Anyhoo however you get it, Cars and Christianity gets this blogger's seal of approval. And I hope that this is only the first of many, many books still to come from Stephen Shumate :-)

Penka Kouneva's A WARRIOR'S ODYSSEY: a journey across emotion under fire

In the almost nine years of writing on this blog and not a few write-ups about music, I can't recall doing any review of an original orchestral composition. Mostly it has been soundtracks and albums by "Weird Al" Yankovic.

So it is that when a copy of A Warrior's Odyssey - the new album from film composer Penka Kouneva - arrived for review, I made the approach with more than a little trepidation. Composing a review for a movie score or studio album is one thing. Writing it for a more classical work is a whole new thing for me (and my iPod is loaded with everything from Wagner to The Three Tenors in Concert 1994, believe it or not.)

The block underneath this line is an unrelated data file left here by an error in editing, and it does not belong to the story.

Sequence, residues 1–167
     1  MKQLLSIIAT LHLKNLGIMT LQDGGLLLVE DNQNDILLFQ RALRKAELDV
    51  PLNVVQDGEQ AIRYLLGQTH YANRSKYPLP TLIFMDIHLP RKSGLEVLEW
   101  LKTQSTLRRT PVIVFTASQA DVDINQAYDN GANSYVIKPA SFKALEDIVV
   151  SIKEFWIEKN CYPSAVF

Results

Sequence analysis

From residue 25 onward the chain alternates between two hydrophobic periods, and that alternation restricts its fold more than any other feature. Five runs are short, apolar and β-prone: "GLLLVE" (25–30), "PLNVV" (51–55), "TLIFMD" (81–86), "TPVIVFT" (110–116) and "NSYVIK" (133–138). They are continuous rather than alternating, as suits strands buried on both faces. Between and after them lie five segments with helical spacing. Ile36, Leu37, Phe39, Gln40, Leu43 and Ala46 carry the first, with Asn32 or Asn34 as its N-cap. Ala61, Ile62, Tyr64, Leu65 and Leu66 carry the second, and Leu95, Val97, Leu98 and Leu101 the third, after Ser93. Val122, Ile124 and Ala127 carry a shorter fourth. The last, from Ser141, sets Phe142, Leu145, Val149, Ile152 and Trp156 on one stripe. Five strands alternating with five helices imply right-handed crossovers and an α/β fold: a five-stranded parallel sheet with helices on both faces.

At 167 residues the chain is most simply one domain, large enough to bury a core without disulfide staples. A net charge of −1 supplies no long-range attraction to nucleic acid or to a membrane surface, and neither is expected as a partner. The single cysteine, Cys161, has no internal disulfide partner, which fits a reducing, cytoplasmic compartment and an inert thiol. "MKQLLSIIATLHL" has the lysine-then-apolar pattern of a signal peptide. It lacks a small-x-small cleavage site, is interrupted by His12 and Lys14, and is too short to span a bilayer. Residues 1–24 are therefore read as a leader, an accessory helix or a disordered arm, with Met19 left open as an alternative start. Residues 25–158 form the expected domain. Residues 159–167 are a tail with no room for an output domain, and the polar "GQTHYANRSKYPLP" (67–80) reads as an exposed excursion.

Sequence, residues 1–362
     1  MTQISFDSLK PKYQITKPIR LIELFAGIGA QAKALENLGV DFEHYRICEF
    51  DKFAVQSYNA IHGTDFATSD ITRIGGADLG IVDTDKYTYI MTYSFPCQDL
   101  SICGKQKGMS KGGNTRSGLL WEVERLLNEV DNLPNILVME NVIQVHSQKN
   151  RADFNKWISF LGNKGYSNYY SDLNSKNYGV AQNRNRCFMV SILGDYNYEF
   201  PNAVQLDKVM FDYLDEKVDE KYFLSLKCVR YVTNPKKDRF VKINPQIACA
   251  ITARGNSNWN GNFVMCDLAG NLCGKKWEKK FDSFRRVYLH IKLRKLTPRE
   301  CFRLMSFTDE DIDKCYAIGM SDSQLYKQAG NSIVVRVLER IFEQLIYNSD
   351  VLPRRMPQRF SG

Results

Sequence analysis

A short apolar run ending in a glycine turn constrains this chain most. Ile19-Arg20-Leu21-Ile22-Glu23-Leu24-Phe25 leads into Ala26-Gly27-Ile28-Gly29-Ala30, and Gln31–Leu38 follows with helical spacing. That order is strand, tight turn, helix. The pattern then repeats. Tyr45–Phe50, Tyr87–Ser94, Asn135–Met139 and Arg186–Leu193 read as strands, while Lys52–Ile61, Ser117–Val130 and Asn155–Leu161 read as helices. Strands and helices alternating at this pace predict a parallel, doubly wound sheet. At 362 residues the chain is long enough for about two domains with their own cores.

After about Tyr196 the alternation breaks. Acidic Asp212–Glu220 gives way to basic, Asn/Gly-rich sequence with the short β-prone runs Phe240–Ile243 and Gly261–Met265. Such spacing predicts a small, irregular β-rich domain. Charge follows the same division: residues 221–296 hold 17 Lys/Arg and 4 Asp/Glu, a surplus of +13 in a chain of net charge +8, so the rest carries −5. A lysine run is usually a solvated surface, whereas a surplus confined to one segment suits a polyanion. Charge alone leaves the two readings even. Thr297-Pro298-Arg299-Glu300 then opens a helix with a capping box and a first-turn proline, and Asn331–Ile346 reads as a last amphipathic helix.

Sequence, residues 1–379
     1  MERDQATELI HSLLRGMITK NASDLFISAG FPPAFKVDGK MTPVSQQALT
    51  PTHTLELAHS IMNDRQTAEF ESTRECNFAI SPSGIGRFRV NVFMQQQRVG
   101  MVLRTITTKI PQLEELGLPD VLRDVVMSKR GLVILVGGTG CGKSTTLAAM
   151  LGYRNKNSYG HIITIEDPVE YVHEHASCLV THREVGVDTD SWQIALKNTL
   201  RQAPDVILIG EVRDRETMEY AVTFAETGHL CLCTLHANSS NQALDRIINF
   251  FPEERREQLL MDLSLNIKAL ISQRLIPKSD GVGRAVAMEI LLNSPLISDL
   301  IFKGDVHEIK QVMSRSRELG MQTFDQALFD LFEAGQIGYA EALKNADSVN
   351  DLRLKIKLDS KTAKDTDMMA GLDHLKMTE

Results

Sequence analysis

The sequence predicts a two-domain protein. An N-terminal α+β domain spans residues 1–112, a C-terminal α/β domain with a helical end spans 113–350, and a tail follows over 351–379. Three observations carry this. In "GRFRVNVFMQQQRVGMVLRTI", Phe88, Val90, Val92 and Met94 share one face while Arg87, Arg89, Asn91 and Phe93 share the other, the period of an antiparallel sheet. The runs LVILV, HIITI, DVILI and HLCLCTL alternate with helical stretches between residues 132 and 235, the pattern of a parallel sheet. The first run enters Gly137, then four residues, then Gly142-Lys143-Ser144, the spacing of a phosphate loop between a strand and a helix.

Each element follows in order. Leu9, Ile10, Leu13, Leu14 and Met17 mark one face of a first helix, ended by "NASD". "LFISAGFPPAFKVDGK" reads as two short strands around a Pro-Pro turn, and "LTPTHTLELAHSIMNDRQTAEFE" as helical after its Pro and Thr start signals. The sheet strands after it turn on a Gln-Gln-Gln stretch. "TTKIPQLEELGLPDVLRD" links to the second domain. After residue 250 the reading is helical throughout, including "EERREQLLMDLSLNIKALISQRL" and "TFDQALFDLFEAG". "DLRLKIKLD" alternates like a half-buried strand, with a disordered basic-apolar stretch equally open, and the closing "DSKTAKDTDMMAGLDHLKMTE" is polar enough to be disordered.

And now, after listening to A Warrior's Odyssey a bunch of times... I can't honestly claim that I have skill enough to write about how magnificent an album this is!

Kouneva is no stranger to dramatic composition. She has previously collaborated with other artists, including Steve Jablonsky on the soundtracks for Transformers: Revenge of the Fallen and Gears of War 3, as well as contributing to The Matrix Revolutions and Pirates of the Caribbean: At World's End. With A Warrior's Odyssey however, Kouneva is relying on the music itself to convey a sense of experience of - and very personal evolution ensuing from - the brutal realm of modern battle. There are no visuals playing on the screen or in your head to juxtapose this album with.

And it doesn't need them, either. A Warrior's Odyssey is a flowing work of eighteen tracks making up a triptych of movements. They beautifully convey drama in all its buildup and resolution, without a typically requisite plot to steer it with. But Kouneva arouses emotion with such skill and thoughtfulness with A Warrior's Odyssey that it stands beautifully as a work unto itself, without needing a commercial story behind it.